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Articles 1 - 4 of 4

Full-Text Articles in Legal History

Domestic Violence And State Intervention In The American West And Australia, 1860-1930, Carolyn B. Ramsey Jan 2011

Domestic Violence And State Intervention In The American West And Australia, 1860-1930, Carolyn B. Ramsey

Articles

This Article calls into question stereotypical assumptions about the presumed lack of state intervention in the family and the patriarchal violence of Anglo-American frontier societies in the late nineteenth and early twentieth centuries. By analyzing previously unexamined cases of domestic assault and homicide in the American West and Australia, Professor Ramsey reveals a sustained (but largely ineffectual) effort to civilize men by punishing violence against women. Husbands in both the American West and Australia were routinely arrested or summoned to court for beating their wives in the late 1800s and early 1900s. Judges, police officers, journalists, and others expressed dismay ...


Wilkes V. Springside Nursing Home, Inc.: A Historical Perspective, Mark J. Loewenstein Jan 2011

Wilkes V. Springside Nursing Home, Inc.: A Historical Perspective, Mark J. Loewenstein

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No abstract provided.


A Diva Defends Herself: Gender And Domestic Violence In An Early Twentieth-Century Headline Trial, Carolyn B. Ramsey Jan 2011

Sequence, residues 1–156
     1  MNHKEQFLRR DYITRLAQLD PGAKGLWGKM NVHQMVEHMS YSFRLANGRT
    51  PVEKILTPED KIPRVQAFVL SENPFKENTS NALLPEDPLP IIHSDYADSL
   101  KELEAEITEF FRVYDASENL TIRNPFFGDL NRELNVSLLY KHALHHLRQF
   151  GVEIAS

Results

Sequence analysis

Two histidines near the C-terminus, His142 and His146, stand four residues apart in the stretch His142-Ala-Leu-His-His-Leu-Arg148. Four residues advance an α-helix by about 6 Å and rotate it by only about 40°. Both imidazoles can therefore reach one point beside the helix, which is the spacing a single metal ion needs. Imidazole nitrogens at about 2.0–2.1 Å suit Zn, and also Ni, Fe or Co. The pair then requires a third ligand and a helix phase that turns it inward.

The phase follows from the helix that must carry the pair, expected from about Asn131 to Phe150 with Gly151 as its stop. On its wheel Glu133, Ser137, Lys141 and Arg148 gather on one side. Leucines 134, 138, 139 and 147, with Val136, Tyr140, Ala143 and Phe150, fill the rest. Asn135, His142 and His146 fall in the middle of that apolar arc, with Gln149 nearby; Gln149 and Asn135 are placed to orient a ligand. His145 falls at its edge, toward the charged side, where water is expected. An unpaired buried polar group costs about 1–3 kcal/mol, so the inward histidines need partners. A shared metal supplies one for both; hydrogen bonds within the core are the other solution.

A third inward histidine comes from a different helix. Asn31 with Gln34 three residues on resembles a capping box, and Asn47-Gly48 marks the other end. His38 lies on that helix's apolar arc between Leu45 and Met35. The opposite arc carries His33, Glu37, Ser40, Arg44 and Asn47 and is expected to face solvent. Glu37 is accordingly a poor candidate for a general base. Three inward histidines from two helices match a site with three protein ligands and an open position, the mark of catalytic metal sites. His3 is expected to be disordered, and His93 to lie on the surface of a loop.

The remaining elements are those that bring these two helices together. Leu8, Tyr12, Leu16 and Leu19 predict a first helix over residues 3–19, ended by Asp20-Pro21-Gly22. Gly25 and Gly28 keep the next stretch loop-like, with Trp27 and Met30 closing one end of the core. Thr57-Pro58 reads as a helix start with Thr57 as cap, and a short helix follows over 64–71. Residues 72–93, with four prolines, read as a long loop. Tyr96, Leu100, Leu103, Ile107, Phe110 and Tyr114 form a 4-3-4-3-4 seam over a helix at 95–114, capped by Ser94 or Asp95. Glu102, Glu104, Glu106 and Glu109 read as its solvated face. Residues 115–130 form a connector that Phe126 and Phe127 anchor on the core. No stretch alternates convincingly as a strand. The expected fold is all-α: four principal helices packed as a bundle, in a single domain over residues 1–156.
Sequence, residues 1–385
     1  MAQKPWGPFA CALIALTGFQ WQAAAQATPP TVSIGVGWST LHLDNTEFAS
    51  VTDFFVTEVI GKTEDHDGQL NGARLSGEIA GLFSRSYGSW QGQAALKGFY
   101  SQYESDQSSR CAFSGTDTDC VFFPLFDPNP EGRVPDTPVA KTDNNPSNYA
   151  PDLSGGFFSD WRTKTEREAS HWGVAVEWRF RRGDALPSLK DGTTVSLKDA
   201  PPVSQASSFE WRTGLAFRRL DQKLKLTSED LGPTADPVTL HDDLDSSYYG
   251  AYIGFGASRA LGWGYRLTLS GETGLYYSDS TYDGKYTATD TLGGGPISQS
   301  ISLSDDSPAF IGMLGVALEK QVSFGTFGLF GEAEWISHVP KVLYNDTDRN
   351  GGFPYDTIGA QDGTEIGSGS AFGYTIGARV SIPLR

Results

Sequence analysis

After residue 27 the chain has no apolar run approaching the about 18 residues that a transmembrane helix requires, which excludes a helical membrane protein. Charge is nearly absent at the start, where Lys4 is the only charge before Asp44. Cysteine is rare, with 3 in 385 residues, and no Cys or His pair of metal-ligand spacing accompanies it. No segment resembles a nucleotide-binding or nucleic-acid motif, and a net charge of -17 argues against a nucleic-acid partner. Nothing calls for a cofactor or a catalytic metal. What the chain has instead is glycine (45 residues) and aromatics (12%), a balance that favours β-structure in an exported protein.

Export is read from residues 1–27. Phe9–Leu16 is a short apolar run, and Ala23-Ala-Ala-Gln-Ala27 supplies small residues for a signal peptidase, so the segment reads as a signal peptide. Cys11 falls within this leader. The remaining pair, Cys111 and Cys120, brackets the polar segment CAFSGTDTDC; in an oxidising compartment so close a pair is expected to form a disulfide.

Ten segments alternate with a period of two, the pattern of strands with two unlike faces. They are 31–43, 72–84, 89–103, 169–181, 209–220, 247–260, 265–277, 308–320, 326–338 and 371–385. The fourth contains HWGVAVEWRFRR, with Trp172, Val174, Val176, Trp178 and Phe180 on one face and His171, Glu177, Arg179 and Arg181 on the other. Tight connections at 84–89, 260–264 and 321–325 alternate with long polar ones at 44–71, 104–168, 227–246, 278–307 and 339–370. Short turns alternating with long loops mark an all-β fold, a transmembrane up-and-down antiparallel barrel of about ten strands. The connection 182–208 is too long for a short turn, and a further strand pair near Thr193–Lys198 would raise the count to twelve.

A Diva Defends Herself: Gender And Domestic Violence In An Early Twentieth-Century Headline Trial, Carolyn B. Ramsey

Articles

This short article was presented as part of a symposium on headline criminal trials, organized by St. Louis University School of Law in honor of Lawrence Friedman. It describes and analyzes the self-defense acquittal of opera singer Mae Talbot in Nevada in 1910 on charges of murdering her abusive husband. Based on extensive research into archival trial records and newspaper reports, the article discusses how the press, the court, and trial lawyers on both sides depicted the killing and Mae’s possible defenses. Without discounting the sensationalism and entertainment value, to a scandal-hungry public, of stories about violent marriages, I ...


Industrial Terrorism And The Unmaking Of New Deal Labor Law, Ahmed A. White Jan 2011

Industrial Terrorism And The Unmaking Of New Deal Labor Law, Ahmed A. White

Articles

The passage of the Wagner (National Labor Relations) Act of 1935 represented an unprecedented effort to guarantee American workers basic labor rights--the rights to organize unions, to provoke meaningful collective bargaining, and to strike. Previous attempts by workers and government administrators to realize these rights in the workplace met with extraordinary, often violent, resistance from powerful industrial employers, whose repressive measures were described by government officials as a system of "industrial terrorism." Although labor scholars have acknowledged these practices and paid some attention to the way they initially frustrated labor rights and influenced the jurisprudence and politics of labor relations ...